A few weeks ago on Twitter, there was a discussion about Osamu Tezuka’s manga and whether he deserves the title “God of Manga”, and it got me thinking. I have to admit, back before I started writing about manga, I was kind of in agreement with animealmanac. I’d never read any of Tezuka’s manga before. I was familiar with Osamu Tezuka, mostly by reputation, and by the cartoon Kimba the White Lion. I have very found memories of Kimba, but never took Tezuka too seriously because of that. I knew he was called the “God of Manga”, but never understood why. And then I started writing reviews and receiving review copies.
Again, I was familiar with some of Tezuka’s works available in English. Astro Boy, another kids title and Phoenix and Buddha, more mature titles, but because of the art and my memories of Kimba, I didn’t think they could be too serious. Then I received my first review copy of a Tezuka work: MW. Now there’s a wake up call if ever I’ve got one! I got this huge hardback book and had no idea what to think of it. I took it to work to read at lunch. I walked into Farmer Boys, the closest fast food place, ordered my hamburger, plain, combo and then sat down to read. I was in shock within the first 20 pages! The art still had that “kiddy Tezuka” feel, but the content was anything but! The main character Yuki kills a kid he’s kidnapped after he got the ransom, confessed to his friend/priest who can do nothing about it, and then makes out/snuffs the daughter of his boss and makes her disappearance appear to be a kidnapping. I kept stopping as I read this book, shocked by the content, but not repulsed. I just couldn’t believe this was from the same person who created Kimba! Slowly, I became engrossed by the story, and the art became secondary to the story. The characters were rendered more realistically, as was befitting the story, but the story itself was so intense that it didn’t matter that it looked old. It was just right.
That convinced me that Tezuka was a master story teller. The next series of his that I read was Dororo. It was older than MW, so I didn’t think I’d like it as much. Again, I was wrong. The breaking of the fourth wall in the first volume was annoying to me, but once it got into Hyakkimaru and Dororo’s journey, I was just sucked in. Again, the art wasn’t an issue as the story and characters were outstanding. I happily read all three volumes and was disappointed that it ended so abruptly, which was the only other problem I had with the series. I was used to Tezuka’s style now, and it didn’t seem as “old school” or “kiddy” anymore. It was Tezuka and I enjoyed it.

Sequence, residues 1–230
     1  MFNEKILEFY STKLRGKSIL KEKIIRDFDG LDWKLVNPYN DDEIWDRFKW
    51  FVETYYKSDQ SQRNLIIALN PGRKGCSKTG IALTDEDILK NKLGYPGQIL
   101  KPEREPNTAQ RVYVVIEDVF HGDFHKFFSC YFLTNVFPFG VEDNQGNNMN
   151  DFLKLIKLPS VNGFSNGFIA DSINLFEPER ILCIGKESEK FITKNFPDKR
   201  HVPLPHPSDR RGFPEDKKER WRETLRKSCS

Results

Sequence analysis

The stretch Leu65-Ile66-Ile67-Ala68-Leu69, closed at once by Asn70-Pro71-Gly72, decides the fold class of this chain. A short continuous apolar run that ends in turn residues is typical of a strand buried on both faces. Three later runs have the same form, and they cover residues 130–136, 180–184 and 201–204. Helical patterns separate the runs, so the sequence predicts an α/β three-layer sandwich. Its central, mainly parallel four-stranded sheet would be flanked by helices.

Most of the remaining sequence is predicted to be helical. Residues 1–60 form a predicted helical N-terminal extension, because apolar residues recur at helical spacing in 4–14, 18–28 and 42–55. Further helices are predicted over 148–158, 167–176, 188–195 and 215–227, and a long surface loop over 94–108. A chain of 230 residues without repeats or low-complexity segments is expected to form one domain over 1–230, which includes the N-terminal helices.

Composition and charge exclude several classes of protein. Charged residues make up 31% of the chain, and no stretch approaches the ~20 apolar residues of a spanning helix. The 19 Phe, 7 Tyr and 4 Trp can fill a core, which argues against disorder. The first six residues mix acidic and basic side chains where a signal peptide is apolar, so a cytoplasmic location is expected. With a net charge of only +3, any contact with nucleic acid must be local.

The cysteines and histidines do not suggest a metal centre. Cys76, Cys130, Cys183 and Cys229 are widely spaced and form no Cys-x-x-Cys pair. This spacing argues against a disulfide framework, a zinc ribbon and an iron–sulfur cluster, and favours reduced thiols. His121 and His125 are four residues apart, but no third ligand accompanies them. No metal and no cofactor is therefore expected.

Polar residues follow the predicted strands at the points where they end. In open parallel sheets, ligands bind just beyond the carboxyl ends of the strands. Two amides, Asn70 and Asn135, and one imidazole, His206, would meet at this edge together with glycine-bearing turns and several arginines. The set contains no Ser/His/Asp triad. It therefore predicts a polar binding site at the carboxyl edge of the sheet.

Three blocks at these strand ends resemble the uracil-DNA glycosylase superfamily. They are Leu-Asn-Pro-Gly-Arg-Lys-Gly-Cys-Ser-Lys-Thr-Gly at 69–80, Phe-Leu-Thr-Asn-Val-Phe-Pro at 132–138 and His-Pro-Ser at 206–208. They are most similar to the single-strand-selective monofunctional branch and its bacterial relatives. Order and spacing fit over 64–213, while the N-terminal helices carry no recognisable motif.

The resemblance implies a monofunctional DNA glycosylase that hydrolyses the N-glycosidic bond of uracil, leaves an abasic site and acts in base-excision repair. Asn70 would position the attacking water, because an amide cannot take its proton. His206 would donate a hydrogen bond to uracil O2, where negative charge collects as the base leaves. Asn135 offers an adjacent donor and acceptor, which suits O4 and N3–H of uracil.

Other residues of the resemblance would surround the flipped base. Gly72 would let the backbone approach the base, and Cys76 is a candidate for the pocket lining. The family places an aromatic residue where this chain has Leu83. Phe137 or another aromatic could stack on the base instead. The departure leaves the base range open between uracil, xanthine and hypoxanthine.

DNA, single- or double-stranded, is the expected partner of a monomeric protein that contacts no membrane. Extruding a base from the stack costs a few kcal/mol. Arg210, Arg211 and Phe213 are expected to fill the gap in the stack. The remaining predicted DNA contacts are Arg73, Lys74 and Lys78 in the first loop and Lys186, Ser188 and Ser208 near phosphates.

The third and only other title I’ve read of Tezuka’s is Black Jack. This is the series that just clinched it for me that Tezuka deserves his title. Black Jack sucked me in just like Dororo, only faster. Once again, it’s the stories that show through as the strength, but the art isn’t a handicap in any way. Black Jack tells so many good stories that to pass it up based on the art alone should be a crime. You just can’t judge a book by it’s cover. That saying has survived for so long because it’s so true.
Tezuka didn’t get his title of “God of Manga” just because of his art or because of his extensive library of works. He got it because he knew how to tell a story in practically any genre, to any audience. He created iconic characters like Astro Boy (Tetsuwan Atomu), Princess Knight (Ribon no Kishi) and Kimba (Jungle Taitei) for kids. He wrote stories for adults as well, touching on social, political and theological issues. But most importantly, he helped to create modern manga as we know it today, and has influenced practically ever creator since.
So you can chose not to read Tezuka’s works because his art is too “kiddy”, “cartoony”, or “old/old school”, but you will be missing out not just on something historical, but also something really great.